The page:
* Cigarette taxes boosts in seven states - 13 to 18 cents a pack in Iowa, 13 to 14 cents a pack in Nebraska, from 15 cents a pack to 5 percent of the retail cost (an increase equivalent to between 2 and 5 cents a pack) in Ohio, 9 to 16 cents a pack in Oregon, 14 to 15 cents a pack in South Dakota, 16 to 20 cents a pack in Washington State, and 16 to 20 cents a pack in Wisconsin.
* Gasoline tax hikes ranging from 1 cent to 4.5 cents a gallon in 22 states Arizona, California, Colorado, Delaware, Idaho, Indiana, Iowa, Minnesota, Nevada , New Hampshire, North Carolina, Ohio, Oregon, Pennsylvania, Rhode Island, South Carolina, South Dakota, Tennerssee, Utah, Vermont, and Washington.
* Severance taxes for extraction of certain natural resources, such as oil, coal, precious metals, and timber increases in 12 states - Alaska, Arkansas, Idaho, Mississippi, Montana, Nebraska, New Mexico, Ohio, Oregon, South Dakota, Virginia, and Wyoming. In the latter, for example, a new 2 percent levy on petroleumn and natural gas is involved.
* Other business tax boosts, including corporate income excess profits, and gross receipts taxes of various types in at least seven states - Alaska, Connecticut, New Hampshire, New York, Ohio, Pennsylvania, and Wisconsin.
* Meals and rooms tax increases from 6 percent to 7 percent in New Hampshire.
Largely spared from the upward levy trend has been personal income taxes. No state raised its rates this year, although Pennsylvania extended through 1983 its temporary 0.2 percent surcharge on the state's permanent 2 percent tax. The new Pennsylvania add-on levy was to have run only through the end of 1982.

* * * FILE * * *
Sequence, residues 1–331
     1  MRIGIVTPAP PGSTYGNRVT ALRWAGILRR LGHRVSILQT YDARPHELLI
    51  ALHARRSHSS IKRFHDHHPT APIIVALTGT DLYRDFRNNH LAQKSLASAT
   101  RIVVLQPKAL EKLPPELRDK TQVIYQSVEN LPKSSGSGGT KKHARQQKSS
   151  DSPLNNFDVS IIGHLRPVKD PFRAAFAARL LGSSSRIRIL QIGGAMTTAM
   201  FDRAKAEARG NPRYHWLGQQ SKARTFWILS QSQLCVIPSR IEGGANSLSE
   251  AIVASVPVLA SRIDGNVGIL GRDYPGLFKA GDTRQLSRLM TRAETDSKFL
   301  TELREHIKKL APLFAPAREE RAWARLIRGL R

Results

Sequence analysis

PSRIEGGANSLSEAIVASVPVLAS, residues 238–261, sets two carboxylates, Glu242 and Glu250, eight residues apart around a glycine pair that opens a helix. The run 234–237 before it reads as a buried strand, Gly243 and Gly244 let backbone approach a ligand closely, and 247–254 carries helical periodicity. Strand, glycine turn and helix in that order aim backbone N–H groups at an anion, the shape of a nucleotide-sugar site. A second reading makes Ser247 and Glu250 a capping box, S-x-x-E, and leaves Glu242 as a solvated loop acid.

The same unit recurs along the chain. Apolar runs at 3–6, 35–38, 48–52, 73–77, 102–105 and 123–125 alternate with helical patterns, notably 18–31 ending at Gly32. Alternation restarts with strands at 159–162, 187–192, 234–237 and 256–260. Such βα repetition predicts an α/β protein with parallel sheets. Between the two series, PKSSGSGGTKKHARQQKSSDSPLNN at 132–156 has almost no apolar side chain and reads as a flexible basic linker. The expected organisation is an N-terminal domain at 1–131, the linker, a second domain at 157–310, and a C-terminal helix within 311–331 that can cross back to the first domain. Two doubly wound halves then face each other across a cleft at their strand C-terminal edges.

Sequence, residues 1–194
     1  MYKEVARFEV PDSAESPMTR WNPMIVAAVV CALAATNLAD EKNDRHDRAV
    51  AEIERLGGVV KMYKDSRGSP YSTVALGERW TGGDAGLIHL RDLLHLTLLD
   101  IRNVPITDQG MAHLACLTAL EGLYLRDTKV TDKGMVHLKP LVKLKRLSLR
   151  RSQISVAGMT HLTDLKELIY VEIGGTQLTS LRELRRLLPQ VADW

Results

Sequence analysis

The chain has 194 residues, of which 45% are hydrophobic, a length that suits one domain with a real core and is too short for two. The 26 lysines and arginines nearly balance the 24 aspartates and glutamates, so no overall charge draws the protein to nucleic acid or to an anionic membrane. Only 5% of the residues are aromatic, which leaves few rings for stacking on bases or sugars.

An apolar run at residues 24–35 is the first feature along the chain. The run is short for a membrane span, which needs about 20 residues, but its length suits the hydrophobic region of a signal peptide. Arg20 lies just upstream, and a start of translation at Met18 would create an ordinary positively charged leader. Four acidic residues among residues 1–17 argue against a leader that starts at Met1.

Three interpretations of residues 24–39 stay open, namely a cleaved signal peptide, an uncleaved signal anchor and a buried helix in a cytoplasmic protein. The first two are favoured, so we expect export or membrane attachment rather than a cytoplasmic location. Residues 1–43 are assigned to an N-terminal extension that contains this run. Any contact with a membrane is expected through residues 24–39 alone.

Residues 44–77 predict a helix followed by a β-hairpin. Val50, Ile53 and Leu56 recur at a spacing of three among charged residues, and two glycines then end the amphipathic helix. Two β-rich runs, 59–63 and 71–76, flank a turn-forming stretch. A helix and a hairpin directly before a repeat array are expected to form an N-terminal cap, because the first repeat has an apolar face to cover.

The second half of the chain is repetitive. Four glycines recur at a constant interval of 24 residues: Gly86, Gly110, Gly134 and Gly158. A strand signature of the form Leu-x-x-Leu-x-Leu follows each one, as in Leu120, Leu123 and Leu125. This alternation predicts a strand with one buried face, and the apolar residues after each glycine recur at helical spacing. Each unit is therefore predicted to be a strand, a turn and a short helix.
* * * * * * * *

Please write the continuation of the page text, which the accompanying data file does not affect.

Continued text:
Passage of the year's heftiest tax package - amounting to $600 million in the current fiscal year which ends next July 1 and an additional $700 million increase in the following year, came in Ohio.
The revenue package, signed into law Nov. 14 by Gov. James Rhodes, along with the sales, cigarette, and corporate tax hikes, includes placing banks and other thrift institutions under the business income tax, a new levy on syrups used in making soft drinks, higher levies on utility firms, and increases in state assessments on the net worth of Ohio-based insurance companies.
The second biggest 1981 tax-boost package, amounting to some $350 million, was approved in New York State for funding mass transit. The measure includes upping the sales tax from 8 percent to 8.25 percent in New York City and 7 percent to 7.25 percent in the metropolitan area, a new 10 percent capital gains tax on real estate transactions in New York City, a 0.75 percent levy on oil company gross receipts in the state, and changes in computation of the oil franchise tax.
Although Illinois state lawmakers imposed no new taxes this year, the scheduled reduction of the sales tax on food from 3 percent to 2 percent was postponed for another year.
Meanwhile, in Chicago the sales tax was raised from 6 percent to 7 percent and the cigarette tax from 5 cents to 10 cents a pack. The two levy boosts, in effect on Aug. 1, are expected to net the Windy City $113 million a year.